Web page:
Ten unique jobs you can only do in Spain

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Ten unique jobs you can only do in Spain
Could you become the fastest jamón cutter in the land? It's just one of those jobs you can only really expect to do in Spain. Photo: Cristina Quicler/AFP

From professional ham cutters to flamenco dressmakers, there are plenty of professions that only exist in Spain. 


Spain is a very idiosyncratic country and there are plenty of jobs to match, especially when it comes to its famed gastronomy and culture.

While some of the jobs on our list are not to everyone's taste (some may not be completely unique to Spain either), they will certainly inspire you to think laterally about your career options in España.

Ham slicer

There is a special place in every Spaniard's heart for jamón serrano and ibérico. Indeed this delicious cured meat is such serious business here that having a top notch cortador, or professional cutter, is an honour that every quality Spanish restaurant aspires to. Regular competitions are held, in which speed and slice thinness are put to the test. Cortadores can expect to earn anywhere between €1,000 and €2,000 depending on experience.



Bull scout

Loved by some, loathed by others, bullfighting is a long-held tradition in Spain that thrives on the crowds who come to watch a spectacle involving a burly, half-tonne beast whose upkeep is costly and whose lifespan is limited. Bull scouts are among the many hidden professionals in bullfighting. These veedores (talent scouts) make a good living by simply choosing which fighting bulls should face the toreros in the ring. Another perk of the job is that it only involves working for the six months that the bullfighting seasons lasts.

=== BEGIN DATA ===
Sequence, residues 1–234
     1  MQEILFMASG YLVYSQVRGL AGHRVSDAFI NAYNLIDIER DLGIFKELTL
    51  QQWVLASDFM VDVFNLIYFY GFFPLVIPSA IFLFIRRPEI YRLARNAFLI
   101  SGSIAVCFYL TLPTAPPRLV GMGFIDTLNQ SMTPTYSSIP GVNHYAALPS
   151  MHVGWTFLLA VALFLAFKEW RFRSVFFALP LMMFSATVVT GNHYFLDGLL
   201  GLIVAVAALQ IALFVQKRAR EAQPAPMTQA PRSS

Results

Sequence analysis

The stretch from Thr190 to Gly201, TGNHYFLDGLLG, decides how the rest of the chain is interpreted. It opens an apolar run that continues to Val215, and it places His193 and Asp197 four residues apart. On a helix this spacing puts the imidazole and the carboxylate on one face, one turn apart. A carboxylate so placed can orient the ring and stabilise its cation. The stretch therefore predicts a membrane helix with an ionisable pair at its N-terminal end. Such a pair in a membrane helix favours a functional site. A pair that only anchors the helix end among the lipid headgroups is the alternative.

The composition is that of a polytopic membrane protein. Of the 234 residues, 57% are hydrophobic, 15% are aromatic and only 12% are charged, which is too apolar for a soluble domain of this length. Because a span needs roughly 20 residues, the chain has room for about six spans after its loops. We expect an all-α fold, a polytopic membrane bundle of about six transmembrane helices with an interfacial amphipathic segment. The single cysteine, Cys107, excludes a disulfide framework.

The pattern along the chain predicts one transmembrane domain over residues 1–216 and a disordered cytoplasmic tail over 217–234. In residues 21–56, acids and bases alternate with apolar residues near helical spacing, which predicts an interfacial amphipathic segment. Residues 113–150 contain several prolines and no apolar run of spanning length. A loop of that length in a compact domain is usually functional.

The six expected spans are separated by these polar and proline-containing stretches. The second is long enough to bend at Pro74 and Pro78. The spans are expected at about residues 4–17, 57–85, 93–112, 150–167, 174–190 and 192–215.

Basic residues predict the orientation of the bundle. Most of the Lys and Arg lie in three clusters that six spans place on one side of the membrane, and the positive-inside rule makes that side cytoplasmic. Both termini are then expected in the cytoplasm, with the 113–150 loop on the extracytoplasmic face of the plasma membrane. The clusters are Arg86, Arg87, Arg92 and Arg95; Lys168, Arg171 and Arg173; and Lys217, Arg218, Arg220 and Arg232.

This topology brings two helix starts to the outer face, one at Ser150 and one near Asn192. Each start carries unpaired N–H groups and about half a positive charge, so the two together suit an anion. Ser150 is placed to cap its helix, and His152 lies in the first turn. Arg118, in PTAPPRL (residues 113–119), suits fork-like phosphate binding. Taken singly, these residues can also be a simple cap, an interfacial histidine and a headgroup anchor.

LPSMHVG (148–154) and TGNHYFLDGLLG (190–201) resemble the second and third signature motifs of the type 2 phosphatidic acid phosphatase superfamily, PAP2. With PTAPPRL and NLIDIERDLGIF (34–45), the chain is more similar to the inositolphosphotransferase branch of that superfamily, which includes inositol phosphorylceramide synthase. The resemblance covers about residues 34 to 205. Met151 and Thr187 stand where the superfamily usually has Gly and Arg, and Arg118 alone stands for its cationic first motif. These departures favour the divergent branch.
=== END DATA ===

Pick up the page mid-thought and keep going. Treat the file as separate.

For some this occupation is a load of bull, but it certainly is quintessentially Spanish. (Photo by CRISTINA QUICLER / AFP)



Churro maker

If you've been to Spain, you've probably tried churros. These long fried-dough pastries sprinkled with sugar and dipped in hot chocolate are, quite frankly, awesome. You won't have to look around for too long before stumbling upon a churrería. Once there, you'll find the churreros, the people who fry the tasty snacks and give them their elongated shape. Madrid’s iconic Chololatería San Ginés is so popular with tourists the owners even set up new branches in Tokyo, Bogotá, Shanghai, Mexico City and next in is Miami.

Expect to pick up a few kilos if you're working with churros and chocolate all day. (Photo by RAFA RIVAS / AFP)



Feria dressmaker

The ferias, or fairs, of Spain may look like a lot of people having a whale of a time but there's some serious business going on as well. Spaniards fork out big money on traditional costumes to look their best at these events and there is more than enough demand to keep the top class makers of flamenca dresses in work all year around. A dressmaker for Spain's Feria de Abril can expect to sell a traje de flamenca for at least €600.

Designers will need to add plenty of flair to Seville' April fair dresses. (Photo by CRISTINA QUICLER / AFP)



Sherry educator

Learning how to make your own wine may be an option in other parts of the world, but there’s only one place to get properly qualified in the sherry business: Jerez. Head to the Andalusian town where this fortified wine is originally from and get taught by official sherry educators.